Black Friday violence got even more weird if not “shocking” yesterday, if that’s possible.
A taser or stun gun appeared to be used in a Black Friday mall brawl between two females. See cell phone video embedded above.
The incident occurred at the Franklin Mills Mall in Philadelphia at about 2:30 am on Black Friday.
According to NBC News Philadelphia, “The video shows the two women punching each other and someone in the crowd yelling, ‘No, stop.’ After the two hit the ground, fighting, you can hear the crackle of what sounds like a stun gun and see fluorescent-colored sparks.”
The general manager of the mall had this to say about the alleged Black Friday taser attack:
“An isolated incident occurred in the early morning hours between two female shoppers, that was quickly stopped by our security team, and both women were escorted out of the mall. We are committed to the safety of our shoppers, retailers and employees and will not tolerate this unacceptable behavior.”
The mall later took to Twitter to deny that a taser was even used in the incident and also added that “the fight diminished quickly.”
In a separate incident, a woman who allegedly pulled out a stun gun in a dispute with another woman over a shopping cart in a Walmart parking lot arrested in New Jersey for illegal possession of the device.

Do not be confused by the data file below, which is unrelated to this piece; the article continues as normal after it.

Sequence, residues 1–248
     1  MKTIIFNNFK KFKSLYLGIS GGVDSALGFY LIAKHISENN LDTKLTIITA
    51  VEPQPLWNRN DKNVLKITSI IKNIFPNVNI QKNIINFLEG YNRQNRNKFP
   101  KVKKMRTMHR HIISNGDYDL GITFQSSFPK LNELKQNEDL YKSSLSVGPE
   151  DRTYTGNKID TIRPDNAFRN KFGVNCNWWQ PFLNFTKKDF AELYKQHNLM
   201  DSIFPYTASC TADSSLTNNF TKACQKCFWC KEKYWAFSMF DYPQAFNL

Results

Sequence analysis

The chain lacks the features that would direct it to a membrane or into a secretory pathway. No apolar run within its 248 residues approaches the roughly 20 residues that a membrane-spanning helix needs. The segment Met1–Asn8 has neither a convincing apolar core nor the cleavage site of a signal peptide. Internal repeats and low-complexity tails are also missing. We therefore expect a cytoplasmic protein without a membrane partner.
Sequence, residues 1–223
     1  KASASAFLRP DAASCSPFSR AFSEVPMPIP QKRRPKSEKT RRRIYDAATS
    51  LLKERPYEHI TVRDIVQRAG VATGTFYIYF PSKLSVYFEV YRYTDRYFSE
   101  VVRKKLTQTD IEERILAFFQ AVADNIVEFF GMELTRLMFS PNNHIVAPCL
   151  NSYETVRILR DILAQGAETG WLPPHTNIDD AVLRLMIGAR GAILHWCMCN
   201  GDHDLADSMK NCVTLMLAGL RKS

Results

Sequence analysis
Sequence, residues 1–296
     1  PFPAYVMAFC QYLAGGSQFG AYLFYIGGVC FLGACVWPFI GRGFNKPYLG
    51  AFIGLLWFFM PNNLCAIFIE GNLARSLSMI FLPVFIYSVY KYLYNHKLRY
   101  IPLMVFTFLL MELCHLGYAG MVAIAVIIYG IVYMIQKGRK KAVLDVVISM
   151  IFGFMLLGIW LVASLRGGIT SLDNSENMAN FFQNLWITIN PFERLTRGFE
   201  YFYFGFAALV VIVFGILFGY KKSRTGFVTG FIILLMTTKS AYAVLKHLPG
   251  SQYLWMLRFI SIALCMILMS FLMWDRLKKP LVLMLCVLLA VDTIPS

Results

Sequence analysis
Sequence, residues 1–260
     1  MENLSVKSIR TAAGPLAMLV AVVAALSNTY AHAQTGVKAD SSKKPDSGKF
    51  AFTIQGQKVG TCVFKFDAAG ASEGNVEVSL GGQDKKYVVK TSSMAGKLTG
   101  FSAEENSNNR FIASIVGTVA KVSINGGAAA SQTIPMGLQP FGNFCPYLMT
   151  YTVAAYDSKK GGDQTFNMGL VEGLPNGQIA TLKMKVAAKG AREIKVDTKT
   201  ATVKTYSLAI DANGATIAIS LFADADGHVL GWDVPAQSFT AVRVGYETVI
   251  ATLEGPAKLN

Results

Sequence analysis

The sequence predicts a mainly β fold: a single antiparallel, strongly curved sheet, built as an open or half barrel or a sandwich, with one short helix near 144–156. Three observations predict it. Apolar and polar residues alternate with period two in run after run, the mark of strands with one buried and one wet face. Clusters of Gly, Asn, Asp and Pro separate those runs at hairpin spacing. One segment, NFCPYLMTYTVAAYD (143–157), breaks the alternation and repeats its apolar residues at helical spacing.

Despite all the nationwide frenzy — and sporadic or not-so-sporadic outbreaks of violence at retail stores — the Wall Street Journal suggests that there are less to Black Friday bargains than meets the eye:
“Stores will be pulling out the stops on deep discounts aimed at drawing customers into stores. But retail-industry veterans acknowledge that, in many cases, those bargains will be a carefully engineered illusion. The common assumption is that retailers stock up on goods and then mark down the ones that don’t sell, taking a hit to their profits. But that isn’t typically how it plays out. Instead, big retailers work backward with their suppliers to set starting prices that, after all the markdowns, will yield the profit margins they want… The common assumption is that retailers stock up on goods and then mark down the ones that don’t sell, taking a hit to their profits. But that isn’t typically how it plays out. Instead, big retailers work backward with their suppliers to set starting prices that, after all the markdowns, will yield the profit margins they want.”
One headline writer generically referred to Black Friday fights as “Brawlmart.” Do you think that if these Black Friday fever-induced brawls continue to escalate that lawmakers will eventually enact regulations putting an end to in-store Black Friday sales?
[thumbnail image credit: jasonbain]